The cinematic adaptation of Haruki Murakami’s book of the same title. While critics have been almost unanimous in praising the beauty of the film, an unwillingness to disrupt the languorous mood of the movie has deprived it of the rumbustious humor that is such an integral part of the book’s appeal. Vietnam-born director Anh Hung Tran (The Scent of Green Papaya) presents a lyrical film about longing, loss and sexual curiosity in 1960s Japan. Cinematographer Mark Lee (李屏賓), who has worked on most of Hou Hsiao-hsien’s (侯孝賢) films, gives the picture a delicate visual artistry that complements Tran’s skills with the cast. There are a number of strong performances, not least from Rinko Kikuchi, who plays a beautiful but deeply disturbed young woman who bewitches the film’s central character. For all its beauty, the film seems too immersed in its pensive mood, swooning aimlessly for long periods of its 133 minutes.
Hindi buddy movie that tells the story of three students at the Imperial College of Engineering (modeled after the famed Indian Institute of Technology) who, in the manner of such movies, discover that there is more to life than good grades. They get into all sorts of trouble, such as crashing a wedding and causing a funeral to spin out of control. In the end they learn from their experience of life, as we expected they would all along. Upbeat and life affirming, 3 Idiots wants to tells us that it is better to learn through doing than to have knowledge rammed down your throat, and has earned considerable praise for its fine acting and light touch.
Rough Cut (Yeong-hwa-neun yeong-hwa-da)
South Korean film by first-time director Jang Hun, a protege of the multi-award-winning art house director Kim Ki-duk. The Korean title of the film translates as A Film Is a Film, and it makes a sophisticated if not particularly deep play on the nexus of tough guy cinema actors and the actual criminals they portray. Su-ta (Kang Ji-hwan) is an aggressive, arrogant star who naturally ends up playing violent, gangster-like roles. He gets involved with Gang-pae (So Ji-sub), a real-life gangster with cinematic ambitions. Although their personalities put them at odds, circumstances force the pair to collaborate to achieve their own ends. An engaging film with some fine performances and understated intellectual aspirations.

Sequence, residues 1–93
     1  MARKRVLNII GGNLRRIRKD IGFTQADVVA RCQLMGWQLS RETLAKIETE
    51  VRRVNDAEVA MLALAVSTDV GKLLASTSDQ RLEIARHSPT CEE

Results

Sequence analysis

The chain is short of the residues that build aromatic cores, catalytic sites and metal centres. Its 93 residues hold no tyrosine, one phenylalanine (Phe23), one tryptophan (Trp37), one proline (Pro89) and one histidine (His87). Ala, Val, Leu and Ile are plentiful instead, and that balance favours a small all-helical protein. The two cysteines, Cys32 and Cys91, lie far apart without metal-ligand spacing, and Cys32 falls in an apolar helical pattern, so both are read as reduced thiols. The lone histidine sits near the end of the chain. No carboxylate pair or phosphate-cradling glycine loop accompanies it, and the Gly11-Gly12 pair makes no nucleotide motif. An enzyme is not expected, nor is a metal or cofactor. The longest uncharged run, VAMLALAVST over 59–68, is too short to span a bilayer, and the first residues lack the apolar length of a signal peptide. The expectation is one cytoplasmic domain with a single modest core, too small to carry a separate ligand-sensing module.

A Japanese movie with part of its action taking place in Taiwan, Rail Truck tells the story of a Japanese mother and her two young children who come to Taiwan after the death of their Taiwanese father. It is a journey of discovery for the children as they find some relics of Japan’s colonial past and tackle issues of their mixed cultural identity. Cinematography by Mark Lee (李屏賓), who takes a look at his home country through foreign eyes and emerges with an idyllic picture of what Taiwan’s tourism authorities would dearly love this country to look like.
Slasher movie by Joel Schumacher in a return to the vampire/undead horror genre. Unfortunately not a return to the form he showed in the 1987 classic The Lost Boys. Blood Creek has plenty of interesting ideas, but shows little restraint, cramming in Norse rune stones, demonic horses, and a Nazi-era experiment gone wrong. Playing off the occult interests of senior Third Reich figures makes for a promising backstory, but the necromantic theme is muddied by an over-elaborate plot. For all that, Schumacher’s commitment to baroque horror can still be enjoyed in this B-movie feature.